Djokovic backs domestic abuse policy in tennis


Tennis - ATP Finals - The O2, London, Britain - November 20, 2020 Serbia's Novak Djokovic after winning his group stage match against Germany's Alexander Zverev Action Images via Reuters/Paul Childs

LONDON (Reuters) - Novak Djokovic said tennis authorities could adopt clearer policies on domestic abuse in light of allegations made against U.S. Open runner-up Alexander Zverev by his ex-girlfriend.

The world number one offered his support to Zverev, who has repeatedly denied the allegations made by Olga Sharypova.

In an interview with Racquet Magazine, Sharypova said Zverev was emotionally and physically abusive to her. She also stated that she does not intend to press charges against the German.

"We don't know what happened truly. I mean, we are going to find out obviously," world number one Djokovic told reporters after his 6-3 7-6(4) win over Zverev at the O2 Arena on Friday.

"I have known Sascha for a very long time since he was very young. I always had a great relationship with him. Very nice guy. I have a lot of respect for him, his family.

"So I was sad to hear and to know he's going through something like this. I don't know what happened. Of course, I mean, obviously I'm not supporting any kind of violence. So we will have to wait and see."

Germany's Zverev has described the allegations as "unfounded and untrue" and without any legal investigation the men's ATP Tour would be unlikely to intervene.

The ATP said it condemned "any form of violence or abuse".

"In circumstances where allegations of violence or abuse are made against any member of the Tour, legal authorities investigate and due process, we then review the outcome and decide the appropriate course of action," the governing body of men's tennis said in a statement last week.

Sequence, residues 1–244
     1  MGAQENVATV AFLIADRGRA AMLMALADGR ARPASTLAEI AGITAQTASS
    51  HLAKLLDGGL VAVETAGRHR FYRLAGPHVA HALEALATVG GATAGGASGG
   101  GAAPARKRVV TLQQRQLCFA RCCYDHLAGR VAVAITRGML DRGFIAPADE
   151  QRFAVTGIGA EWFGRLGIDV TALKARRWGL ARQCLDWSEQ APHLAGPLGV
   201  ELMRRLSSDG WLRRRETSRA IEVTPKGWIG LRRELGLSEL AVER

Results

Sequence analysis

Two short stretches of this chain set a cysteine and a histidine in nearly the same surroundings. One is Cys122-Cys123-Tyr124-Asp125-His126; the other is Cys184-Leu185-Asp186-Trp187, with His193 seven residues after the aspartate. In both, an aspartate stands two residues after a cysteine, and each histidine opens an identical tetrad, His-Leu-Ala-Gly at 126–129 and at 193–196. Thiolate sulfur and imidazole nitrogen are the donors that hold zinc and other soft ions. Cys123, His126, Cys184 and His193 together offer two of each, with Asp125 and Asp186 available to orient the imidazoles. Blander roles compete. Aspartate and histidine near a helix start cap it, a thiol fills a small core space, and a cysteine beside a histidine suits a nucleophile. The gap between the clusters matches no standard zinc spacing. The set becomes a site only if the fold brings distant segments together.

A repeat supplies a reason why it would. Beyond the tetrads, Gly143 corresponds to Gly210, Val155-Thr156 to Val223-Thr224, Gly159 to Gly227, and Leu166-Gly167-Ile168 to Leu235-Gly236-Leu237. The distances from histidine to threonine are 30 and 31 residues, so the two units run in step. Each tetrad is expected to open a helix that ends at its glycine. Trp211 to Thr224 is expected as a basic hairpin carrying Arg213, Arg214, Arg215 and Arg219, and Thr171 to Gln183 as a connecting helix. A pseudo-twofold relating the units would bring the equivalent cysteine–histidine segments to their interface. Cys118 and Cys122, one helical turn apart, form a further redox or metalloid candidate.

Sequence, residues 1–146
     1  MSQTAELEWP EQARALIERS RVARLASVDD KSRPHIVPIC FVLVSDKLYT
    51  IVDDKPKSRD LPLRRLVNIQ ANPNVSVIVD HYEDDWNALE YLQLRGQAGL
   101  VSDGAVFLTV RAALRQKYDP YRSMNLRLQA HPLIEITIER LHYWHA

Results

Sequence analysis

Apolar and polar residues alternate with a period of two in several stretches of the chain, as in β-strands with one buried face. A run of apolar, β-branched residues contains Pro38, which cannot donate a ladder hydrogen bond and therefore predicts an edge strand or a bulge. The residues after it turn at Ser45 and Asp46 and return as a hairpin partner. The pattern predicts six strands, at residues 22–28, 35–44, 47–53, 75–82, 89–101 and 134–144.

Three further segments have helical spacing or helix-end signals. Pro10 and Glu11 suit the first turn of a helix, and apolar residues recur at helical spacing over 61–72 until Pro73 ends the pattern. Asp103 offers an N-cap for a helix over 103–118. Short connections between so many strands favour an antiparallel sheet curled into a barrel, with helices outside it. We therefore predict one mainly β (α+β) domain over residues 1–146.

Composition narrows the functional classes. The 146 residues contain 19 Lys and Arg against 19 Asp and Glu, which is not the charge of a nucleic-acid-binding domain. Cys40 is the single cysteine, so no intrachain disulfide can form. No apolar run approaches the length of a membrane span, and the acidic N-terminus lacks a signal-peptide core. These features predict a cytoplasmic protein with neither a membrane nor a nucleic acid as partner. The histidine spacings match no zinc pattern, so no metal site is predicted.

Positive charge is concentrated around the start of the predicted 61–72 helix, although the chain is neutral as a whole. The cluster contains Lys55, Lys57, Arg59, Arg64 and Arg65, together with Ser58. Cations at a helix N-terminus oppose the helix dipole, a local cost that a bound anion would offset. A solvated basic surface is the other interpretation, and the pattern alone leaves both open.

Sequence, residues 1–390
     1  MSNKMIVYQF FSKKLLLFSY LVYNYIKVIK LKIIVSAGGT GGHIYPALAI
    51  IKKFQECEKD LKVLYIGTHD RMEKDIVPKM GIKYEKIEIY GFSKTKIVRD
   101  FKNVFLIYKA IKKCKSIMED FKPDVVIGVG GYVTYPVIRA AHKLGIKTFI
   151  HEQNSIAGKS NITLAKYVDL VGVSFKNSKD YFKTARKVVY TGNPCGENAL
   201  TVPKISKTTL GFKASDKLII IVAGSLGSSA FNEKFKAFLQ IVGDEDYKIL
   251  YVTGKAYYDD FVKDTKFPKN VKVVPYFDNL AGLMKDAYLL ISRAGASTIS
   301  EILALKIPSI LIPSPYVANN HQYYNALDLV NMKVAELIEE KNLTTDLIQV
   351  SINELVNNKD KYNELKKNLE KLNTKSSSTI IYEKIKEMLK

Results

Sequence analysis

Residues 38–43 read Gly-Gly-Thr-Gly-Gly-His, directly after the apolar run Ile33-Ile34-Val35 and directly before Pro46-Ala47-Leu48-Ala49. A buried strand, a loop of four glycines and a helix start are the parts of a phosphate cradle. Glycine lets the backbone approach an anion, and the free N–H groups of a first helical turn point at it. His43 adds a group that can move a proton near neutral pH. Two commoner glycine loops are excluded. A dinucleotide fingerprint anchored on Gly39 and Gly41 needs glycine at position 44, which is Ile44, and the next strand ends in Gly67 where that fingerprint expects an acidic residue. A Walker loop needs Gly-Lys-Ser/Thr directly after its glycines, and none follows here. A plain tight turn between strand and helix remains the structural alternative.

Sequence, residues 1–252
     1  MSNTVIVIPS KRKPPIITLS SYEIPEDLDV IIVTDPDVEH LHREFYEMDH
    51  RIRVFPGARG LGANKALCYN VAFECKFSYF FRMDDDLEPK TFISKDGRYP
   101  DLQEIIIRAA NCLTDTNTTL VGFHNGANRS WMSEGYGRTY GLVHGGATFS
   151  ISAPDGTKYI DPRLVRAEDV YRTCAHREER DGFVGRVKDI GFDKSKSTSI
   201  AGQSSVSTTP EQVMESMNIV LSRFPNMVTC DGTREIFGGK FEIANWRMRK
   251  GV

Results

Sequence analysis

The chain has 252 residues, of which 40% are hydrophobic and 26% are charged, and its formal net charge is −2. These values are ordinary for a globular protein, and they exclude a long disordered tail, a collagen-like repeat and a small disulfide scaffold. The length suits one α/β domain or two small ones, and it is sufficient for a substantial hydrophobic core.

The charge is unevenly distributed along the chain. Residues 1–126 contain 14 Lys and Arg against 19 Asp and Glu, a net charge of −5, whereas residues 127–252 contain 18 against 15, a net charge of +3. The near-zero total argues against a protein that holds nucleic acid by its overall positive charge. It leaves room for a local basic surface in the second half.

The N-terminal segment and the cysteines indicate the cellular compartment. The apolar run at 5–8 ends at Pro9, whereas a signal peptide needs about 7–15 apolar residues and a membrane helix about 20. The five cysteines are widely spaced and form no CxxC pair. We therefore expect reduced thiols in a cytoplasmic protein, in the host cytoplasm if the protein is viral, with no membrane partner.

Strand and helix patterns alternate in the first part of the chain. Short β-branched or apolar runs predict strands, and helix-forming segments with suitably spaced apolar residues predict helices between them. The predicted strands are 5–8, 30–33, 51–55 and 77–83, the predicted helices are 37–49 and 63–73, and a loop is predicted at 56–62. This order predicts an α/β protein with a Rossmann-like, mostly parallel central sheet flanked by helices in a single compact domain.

Djokovic was asked whether the ATP should adopt its own policy on domestic abuse, similar to those in American sports, regardless of legal proceedings.

"Yeah, I mean, why not? Probably it should be there in place. But I guess it wasn't developed and it wasn't there because we just did not have the cases like this," said Djokovic, who used to be president of the ATP's player council before he resigned earlier this year to form a breakaway association.

"I have not heard that we had maybe top players involved in such instances. So maybe that kind of case will in a way inspire ATP to do something like that."

World number seven Zverev said he had nothing to hide.

"The players know what’s going on," the 23-year-old told reporters after he was beaten by Djokovic in his final round robin match on Friday.

"What else can I say? I have said everything that I can. It's very unfortunate that these kind of false allegations can put such damage and put the attention away from the sport, but it's the world we live in right now unfortunately.

"There is nothing more that I can do."

(Reporting by Martyn Herman, editing by Pritha Sarkar)

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